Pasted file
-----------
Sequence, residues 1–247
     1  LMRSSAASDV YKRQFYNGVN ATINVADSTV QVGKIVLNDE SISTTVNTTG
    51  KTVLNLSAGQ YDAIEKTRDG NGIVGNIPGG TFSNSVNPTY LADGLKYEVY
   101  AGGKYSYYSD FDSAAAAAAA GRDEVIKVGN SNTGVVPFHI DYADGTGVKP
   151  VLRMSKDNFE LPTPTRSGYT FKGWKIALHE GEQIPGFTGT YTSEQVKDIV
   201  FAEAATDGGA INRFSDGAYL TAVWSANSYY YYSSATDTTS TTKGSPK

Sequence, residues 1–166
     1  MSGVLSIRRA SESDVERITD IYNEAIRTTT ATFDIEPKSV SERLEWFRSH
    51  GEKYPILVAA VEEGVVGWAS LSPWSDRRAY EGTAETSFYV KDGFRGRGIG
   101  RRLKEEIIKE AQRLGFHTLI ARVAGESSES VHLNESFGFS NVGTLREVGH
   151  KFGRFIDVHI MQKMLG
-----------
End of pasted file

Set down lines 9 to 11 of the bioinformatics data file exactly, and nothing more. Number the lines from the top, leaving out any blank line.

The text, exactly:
    51  GEKYPILVAA VEEGVVGWAS LSPWSDRRAY EGTAETSFYV KDGFRGRGIG
   101  RRLKEEIIKE AQRLGFHTLI ARVAGESSES VHLNESFGFS NVGTLREVGH
   151  KFGRFIDVHI MQKMLG